East Turkestan: Uyghur Human Rights Policy Act Becomes Law
Yesterday, US president Donald Trump signed the Uyghur Human Rights Policy Act of 2020, making it the first law anywhere in the world to address the human rights crisis in East Turkestan. The law is celebrated by Uyghurs around the world and represents a broad bipartisan commitment by the US government to address one of the worst ongoing human rights crises in the world.
Below is an article published by Uyghur Human Rights Project
Today U.S. president Donald Trump signed the Uyghur Human Rights Policy Act of 2020, making it the first law anywhere in the world to address the human rights crisis in East Turkistan.
“Uyghurs around the world are celebrating,” said Omer Kanat, UHRP Executive Director. “It's the kind of news we have been waiting for, more than three years into the Uyghur crisis. But the United States cannot be the sole nation acting to hold the perpetrators accountable for their crimes. Uyghurs call on countries around the world to work together against ethno-religious persecution, profiling and cultural genocide.”
The law represents a broad bipartisan commitment by the U.S. government to address one of the worst ongoing human rights crises in the world. In her speech supporting House approval on May 27, House Speaker Nancy Pelosi (D) said, “Beijing's barbarous actions targeting the Uyghur people are an outrage to the collective conscience of the world.” Applauding the bill’s passage, Senator Marco Rubio stated “for far too long, the Chinese Communist Party has tried to systematically wipe out the ethnic and cultural identities of Uyghurs and other Turkic Muslims. It’s long overdue to hold the perpetrators accountable.”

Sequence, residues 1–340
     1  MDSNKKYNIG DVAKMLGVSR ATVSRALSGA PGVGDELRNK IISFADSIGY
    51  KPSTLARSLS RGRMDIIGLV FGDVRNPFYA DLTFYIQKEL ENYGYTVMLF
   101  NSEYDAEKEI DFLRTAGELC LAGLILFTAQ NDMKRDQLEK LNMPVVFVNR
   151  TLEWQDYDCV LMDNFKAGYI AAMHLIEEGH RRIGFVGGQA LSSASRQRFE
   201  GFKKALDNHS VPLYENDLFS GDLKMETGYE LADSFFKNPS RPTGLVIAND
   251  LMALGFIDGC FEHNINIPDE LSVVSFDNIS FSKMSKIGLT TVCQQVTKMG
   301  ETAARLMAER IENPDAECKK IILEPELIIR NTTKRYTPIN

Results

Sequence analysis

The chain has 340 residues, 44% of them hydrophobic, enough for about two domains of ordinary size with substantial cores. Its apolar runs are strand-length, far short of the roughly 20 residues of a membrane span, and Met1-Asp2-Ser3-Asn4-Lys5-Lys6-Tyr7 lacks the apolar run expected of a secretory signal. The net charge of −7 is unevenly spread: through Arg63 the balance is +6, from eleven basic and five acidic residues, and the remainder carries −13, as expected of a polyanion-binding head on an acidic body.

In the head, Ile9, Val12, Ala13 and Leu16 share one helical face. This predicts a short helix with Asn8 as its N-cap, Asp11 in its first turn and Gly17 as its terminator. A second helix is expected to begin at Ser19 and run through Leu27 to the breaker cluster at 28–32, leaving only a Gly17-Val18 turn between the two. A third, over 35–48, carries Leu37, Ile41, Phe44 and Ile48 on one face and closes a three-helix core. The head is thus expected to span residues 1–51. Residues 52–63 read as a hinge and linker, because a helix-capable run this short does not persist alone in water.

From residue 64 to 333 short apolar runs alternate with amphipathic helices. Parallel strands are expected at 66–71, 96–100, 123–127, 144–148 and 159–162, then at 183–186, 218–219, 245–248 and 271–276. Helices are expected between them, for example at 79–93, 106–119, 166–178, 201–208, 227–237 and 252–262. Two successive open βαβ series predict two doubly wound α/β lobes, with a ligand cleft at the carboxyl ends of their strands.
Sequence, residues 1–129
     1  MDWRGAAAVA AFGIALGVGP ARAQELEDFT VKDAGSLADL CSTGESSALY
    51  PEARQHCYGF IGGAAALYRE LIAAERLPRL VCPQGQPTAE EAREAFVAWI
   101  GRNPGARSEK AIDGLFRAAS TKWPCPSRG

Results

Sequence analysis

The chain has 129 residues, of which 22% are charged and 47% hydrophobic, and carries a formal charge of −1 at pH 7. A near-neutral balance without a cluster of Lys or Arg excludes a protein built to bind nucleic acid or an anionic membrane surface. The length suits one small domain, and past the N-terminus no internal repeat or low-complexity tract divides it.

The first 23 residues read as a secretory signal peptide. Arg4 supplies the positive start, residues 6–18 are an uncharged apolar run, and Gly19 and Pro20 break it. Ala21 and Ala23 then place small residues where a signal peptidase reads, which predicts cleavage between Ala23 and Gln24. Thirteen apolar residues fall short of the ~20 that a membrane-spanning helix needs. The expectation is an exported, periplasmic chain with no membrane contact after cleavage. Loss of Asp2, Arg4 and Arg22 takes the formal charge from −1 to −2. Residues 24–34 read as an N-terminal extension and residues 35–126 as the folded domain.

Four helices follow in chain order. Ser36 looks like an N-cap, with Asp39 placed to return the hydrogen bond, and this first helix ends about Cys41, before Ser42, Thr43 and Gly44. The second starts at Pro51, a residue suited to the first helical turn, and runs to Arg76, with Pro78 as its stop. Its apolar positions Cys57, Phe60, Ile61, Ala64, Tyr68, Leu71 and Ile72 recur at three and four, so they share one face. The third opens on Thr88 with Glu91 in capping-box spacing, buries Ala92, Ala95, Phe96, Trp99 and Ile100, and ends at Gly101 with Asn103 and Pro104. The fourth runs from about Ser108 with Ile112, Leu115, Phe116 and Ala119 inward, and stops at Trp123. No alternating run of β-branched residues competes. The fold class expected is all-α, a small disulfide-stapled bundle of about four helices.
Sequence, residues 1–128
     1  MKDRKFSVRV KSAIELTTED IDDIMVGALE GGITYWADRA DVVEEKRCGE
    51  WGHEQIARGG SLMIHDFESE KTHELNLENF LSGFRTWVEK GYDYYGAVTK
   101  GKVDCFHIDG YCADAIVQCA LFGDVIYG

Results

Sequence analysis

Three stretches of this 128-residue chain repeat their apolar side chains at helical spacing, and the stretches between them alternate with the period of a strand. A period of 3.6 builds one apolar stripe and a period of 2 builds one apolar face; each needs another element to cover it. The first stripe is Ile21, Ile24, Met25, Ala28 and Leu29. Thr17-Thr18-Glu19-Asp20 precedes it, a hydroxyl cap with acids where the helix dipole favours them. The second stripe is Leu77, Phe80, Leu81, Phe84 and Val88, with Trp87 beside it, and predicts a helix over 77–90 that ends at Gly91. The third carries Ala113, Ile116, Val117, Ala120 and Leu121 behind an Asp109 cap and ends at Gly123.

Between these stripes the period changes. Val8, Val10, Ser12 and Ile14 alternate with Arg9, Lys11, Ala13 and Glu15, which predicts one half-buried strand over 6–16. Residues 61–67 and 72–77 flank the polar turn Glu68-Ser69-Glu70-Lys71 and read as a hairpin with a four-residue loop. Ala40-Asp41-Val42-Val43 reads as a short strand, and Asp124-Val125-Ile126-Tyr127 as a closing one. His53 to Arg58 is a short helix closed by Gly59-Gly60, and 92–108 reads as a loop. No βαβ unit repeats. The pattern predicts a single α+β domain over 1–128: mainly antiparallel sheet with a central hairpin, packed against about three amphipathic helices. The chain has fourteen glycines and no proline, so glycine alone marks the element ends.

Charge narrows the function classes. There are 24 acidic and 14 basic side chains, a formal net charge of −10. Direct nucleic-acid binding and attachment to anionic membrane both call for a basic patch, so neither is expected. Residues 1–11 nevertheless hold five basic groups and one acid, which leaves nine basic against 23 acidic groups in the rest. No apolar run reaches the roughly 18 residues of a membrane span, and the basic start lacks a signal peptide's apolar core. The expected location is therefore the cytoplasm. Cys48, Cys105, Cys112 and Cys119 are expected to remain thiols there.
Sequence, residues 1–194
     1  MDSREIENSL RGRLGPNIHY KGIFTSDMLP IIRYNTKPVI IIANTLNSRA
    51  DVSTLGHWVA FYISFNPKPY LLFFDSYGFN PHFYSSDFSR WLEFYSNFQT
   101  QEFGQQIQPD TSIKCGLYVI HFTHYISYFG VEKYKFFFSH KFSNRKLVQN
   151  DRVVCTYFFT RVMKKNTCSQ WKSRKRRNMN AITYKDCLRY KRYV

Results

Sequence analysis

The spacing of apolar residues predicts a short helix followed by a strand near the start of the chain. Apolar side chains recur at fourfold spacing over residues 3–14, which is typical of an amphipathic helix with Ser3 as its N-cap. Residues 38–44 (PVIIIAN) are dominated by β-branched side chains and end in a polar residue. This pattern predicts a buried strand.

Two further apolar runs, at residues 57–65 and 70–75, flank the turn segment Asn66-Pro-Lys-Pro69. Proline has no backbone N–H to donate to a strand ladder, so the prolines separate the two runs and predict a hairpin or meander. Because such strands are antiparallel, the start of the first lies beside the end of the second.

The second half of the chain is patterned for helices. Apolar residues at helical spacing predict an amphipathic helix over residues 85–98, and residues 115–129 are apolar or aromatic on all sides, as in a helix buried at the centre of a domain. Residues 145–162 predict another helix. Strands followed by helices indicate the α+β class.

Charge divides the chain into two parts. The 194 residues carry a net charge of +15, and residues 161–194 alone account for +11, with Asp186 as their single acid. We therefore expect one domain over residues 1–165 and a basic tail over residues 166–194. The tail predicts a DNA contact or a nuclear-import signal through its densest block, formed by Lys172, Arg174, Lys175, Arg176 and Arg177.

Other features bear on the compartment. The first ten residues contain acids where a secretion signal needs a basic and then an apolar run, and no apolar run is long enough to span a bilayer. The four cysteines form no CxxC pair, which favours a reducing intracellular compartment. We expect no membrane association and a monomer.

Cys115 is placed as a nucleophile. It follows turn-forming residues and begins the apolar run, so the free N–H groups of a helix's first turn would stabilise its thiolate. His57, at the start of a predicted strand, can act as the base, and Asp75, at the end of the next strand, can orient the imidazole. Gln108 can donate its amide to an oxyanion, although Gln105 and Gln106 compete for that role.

Democratic countries around the world must work together to take action on accountability for the Chinese government. The recently formed Inter-Parliamentary Alliance on China should prioritize a coordinated response to the Uyghur human rights crisis.
The U.S. Congress should also move quickly to pass the Uyghur Forced Labor Prevention Act, to counter the rapidly increasing threat of such products illegally entering the U.S. market. This legislation requires sanctions on officials and companies responsible for Uyghur forced labor, and shifts the burden of proof to importers, which must provide “clear and convincing” evidence that imported goods from East Turkistan are free from forced labor. The scale of state-organized forced labor enslaving Uyghurs is so breathtaking that scholar Adrian Zenz calls it a “grand scheme.” Lawmakers around the world must also act quickly to enact similar measures.
Photo by Uyghur Human Rights Project